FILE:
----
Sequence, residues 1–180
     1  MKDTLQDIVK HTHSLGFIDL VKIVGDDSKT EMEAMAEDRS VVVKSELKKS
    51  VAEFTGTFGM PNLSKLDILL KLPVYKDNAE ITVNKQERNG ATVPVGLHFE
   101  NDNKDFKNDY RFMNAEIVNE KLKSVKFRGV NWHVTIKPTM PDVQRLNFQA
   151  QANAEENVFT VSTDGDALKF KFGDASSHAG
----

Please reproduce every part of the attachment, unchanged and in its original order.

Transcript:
Sequence, residues 1–180
     1  MKDTLQDIVK HTHSLGFIDL VKIVGDDSKT EMEAMAEDRS VVVKSELKKS
    51  VAEFTGTFGM PNLSKLDILL KLPVYKDNAE ITVNKQERNG ATVPVGLHFE
   101  NDNKDFKNDY RFMNAEIVNE KLKSVKFRGV NWHVTIKPTM PDVQRLNFQA
   151  QANAEENVFT VSTDGDALKF KFGDASSHAG